re: It's Just Syntactic Sugar VIEW POST

FULL DISCUSSION
 

As a compiler writer I have a different opinion of what "syntactic sugar" actually is. To me, it's something that I can implement in the parsing and syntax tree generation phase.

That is, consider the stages Leaf uses to compile code:

  1. Parse
  2. Convert parse-tree into syntax-tree
  3. Add types to syntax-tree
  4. Lower to Leaf-IR
  5. Lower to LLVM-IR
  6. Emit target code

Anything I can implement in phases 1-2 is definitely syntactic sugar. It didn't require any changes in the langauge's abstract machine, or typing rules.

Some things in Step 3 I'd also consider syntactic sugar if they are plain rewriting rules. These are almost like parsing rules, but required a higher level of logic than the syntax tree conversion could do.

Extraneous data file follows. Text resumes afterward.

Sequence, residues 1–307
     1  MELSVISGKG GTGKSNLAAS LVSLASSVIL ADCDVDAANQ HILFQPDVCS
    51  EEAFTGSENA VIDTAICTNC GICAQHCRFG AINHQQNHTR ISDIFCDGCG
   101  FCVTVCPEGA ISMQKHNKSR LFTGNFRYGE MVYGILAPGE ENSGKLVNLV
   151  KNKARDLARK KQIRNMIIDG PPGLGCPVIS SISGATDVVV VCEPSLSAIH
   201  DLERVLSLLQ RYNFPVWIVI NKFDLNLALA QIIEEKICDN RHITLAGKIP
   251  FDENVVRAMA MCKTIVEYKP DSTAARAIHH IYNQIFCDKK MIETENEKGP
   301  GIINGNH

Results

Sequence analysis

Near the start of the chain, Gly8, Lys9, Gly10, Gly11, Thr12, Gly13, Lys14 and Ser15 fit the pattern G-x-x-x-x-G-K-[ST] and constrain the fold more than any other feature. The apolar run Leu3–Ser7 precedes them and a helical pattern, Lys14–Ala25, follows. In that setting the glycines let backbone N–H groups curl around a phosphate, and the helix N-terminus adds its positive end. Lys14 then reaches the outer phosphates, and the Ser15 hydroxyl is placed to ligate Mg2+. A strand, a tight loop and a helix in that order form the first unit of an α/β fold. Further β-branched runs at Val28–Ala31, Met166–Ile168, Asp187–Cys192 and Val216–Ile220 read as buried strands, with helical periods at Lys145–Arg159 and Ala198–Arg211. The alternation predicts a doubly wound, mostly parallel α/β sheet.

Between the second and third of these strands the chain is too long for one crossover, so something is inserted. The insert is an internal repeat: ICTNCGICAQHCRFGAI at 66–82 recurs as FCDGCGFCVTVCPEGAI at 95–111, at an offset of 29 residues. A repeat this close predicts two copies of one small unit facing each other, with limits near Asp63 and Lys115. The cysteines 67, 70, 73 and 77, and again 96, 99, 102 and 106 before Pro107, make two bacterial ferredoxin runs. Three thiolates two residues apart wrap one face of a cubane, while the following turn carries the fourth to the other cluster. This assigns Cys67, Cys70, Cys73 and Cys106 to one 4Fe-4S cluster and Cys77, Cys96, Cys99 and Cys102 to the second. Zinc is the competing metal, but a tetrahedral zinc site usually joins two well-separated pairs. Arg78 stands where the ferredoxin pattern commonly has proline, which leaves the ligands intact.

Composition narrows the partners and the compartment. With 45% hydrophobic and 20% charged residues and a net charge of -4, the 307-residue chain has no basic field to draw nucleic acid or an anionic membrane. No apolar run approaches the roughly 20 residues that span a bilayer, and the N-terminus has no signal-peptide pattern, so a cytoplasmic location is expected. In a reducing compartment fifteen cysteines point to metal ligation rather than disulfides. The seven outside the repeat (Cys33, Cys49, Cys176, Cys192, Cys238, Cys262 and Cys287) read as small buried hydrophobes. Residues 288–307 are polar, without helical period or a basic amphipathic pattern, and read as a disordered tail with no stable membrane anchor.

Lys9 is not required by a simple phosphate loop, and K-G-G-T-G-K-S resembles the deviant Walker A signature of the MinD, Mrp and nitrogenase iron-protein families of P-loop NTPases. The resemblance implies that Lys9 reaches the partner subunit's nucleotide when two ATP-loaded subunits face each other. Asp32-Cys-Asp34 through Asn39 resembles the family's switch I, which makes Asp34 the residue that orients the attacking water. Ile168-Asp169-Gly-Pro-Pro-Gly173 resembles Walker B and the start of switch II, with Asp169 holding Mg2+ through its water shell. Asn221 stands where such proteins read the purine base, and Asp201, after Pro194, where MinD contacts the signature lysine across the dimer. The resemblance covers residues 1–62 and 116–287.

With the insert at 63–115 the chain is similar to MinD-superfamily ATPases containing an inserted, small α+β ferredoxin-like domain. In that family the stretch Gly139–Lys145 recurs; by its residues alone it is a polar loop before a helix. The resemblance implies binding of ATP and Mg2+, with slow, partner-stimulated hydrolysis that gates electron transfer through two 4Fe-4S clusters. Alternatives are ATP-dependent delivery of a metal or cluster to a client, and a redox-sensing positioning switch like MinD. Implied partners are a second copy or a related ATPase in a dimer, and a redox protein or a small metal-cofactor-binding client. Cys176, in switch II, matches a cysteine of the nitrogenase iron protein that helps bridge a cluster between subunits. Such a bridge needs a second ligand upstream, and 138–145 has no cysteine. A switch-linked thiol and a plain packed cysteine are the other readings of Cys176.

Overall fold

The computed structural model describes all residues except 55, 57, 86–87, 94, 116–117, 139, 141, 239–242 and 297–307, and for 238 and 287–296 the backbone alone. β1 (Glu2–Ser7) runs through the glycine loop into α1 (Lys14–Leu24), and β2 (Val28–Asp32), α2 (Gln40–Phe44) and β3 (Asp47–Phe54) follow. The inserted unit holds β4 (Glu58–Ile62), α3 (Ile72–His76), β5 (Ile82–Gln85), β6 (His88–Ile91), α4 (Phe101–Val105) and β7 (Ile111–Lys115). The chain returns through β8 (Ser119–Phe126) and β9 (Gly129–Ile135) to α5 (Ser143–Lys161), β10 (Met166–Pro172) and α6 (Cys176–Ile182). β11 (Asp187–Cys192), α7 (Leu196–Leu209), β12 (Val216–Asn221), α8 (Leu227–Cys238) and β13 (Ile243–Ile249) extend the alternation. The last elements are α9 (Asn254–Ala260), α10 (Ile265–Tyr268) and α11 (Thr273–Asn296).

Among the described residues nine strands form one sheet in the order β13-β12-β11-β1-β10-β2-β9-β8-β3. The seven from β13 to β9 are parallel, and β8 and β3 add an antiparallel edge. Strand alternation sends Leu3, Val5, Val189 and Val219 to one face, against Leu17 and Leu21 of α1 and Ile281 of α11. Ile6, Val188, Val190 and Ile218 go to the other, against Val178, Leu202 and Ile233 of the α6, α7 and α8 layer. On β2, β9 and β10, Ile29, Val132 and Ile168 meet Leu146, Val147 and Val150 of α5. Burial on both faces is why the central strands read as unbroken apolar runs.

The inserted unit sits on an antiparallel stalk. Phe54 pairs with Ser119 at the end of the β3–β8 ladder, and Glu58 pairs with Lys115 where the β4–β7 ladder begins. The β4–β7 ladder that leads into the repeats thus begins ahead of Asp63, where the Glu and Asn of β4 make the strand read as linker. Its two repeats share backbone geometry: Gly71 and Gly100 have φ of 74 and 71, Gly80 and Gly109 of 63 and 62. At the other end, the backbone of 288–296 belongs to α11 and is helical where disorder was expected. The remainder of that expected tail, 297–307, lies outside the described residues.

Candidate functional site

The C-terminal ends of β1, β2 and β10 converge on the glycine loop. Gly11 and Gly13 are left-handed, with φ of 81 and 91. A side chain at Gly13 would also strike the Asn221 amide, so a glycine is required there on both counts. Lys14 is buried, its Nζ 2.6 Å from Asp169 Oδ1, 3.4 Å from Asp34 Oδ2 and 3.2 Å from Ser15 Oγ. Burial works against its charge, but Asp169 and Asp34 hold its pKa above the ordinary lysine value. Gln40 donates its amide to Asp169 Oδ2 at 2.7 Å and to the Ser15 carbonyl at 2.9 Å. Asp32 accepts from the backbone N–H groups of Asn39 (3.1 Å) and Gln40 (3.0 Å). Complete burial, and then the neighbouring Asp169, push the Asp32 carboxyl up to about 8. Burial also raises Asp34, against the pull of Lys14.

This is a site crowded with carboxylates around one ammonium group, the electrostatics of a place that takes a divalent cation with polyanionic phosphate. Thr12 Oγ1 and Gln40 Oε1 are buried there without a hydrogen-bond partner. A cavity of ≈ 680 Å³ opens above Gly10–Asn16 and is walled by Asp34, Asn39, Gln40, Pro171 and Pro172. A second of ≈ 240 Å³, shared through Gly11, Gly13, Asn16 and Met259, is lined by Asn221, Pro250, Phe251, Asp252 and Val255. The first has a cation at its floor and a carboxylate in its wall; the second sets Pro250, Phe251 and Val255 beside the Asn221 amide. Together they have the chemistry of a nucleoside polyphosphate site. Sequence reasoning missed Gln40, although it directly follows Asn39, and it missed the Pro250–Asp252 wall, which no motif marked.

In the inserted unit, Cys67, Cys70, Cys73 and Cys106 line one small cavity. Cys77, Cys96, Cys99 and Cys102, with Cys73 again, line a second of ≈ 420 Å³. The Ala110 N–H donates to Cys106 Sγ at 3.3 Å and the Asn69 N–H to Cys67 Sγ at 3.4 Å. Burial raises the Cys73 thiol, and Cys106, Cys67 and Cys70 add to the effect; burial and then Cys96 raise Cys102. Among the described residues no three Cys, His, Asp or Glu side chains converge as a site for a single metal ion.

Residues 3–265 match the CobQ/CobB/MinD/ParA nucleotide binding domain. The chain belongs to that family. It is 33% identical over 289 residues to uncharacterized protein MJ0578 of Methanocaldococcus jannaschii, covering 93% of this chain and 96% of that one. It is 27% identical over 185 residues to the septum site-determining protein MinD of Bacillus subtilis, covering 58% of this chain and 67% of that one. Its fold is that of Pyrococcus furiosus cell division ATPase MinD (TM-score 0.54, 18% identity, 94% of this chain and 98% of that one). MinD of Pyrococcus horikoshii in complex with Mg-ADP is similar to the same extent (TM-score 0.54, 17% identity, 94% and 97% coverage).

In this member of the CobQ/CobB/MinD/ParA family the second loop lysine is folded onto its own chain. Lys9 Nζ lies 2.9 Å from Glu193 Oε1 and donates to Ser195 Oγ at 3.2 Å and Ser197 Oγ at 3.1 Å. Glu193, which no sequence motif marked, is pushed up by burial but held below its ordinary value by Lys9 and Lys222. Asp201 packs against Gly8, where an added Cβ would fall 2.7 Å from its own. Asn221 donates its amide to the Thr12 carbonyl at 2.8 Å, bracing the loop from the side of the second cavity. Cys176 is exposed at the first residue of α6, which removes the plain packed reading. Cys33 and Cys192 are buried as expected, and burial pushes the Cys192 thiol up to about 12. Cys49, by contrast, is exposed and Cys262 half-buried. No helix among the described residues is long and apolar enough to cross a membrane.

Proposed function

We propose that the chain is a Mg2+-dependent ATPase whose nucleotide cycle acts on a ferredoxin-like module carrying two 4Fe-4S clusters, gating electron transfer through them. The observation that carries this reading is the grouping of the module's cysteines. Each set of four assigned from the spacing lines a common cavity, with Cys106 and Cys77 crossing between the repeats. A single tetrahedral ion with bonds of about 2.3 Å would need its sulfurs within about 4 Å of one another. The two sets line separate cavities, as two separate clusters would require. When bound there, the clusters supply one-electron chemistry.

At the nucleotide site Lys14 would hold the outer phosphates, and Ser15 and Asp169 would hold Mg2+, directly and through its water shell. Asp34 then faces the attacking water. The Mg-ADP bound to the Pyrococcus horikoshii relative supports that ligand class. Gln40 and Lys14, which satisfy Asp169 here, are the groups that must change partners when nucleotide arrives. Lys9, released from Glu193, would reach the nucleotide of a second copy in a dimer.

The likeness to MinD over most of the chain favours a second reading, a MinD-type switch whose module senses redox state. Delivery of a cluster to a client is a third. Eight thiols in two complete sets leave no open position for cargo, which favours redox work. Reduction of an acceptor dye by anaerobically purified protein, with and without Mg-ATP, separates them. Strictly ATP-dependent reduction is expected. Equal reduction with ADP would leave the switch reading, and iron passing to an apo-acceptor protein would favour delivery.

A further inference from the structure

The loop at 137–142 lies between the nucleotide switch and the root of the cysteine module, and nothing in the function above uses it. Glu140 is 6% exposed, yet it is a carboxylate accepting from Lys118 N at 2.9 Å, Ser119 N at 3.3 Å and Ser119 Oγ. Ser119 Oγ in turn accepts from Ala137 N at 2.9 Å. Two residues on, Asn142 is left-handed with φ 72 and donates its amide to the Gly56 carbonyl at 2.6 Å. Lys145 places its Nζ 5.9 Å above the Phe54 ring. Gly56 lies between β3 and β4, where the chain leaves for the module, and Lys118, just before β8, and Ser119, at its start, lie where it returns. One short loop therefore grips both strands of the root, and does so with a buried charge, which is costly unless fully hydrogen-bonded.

At a user level this would imply a feature that can be completely described in reference to other features or already existing concepts. It doens't add any new power or flexibility to the language. It certainly can make it nicer to use though.

 

As a not compiler writer in the slightest (or a compiler reader for that matter) this made perfect sense. Thank you.

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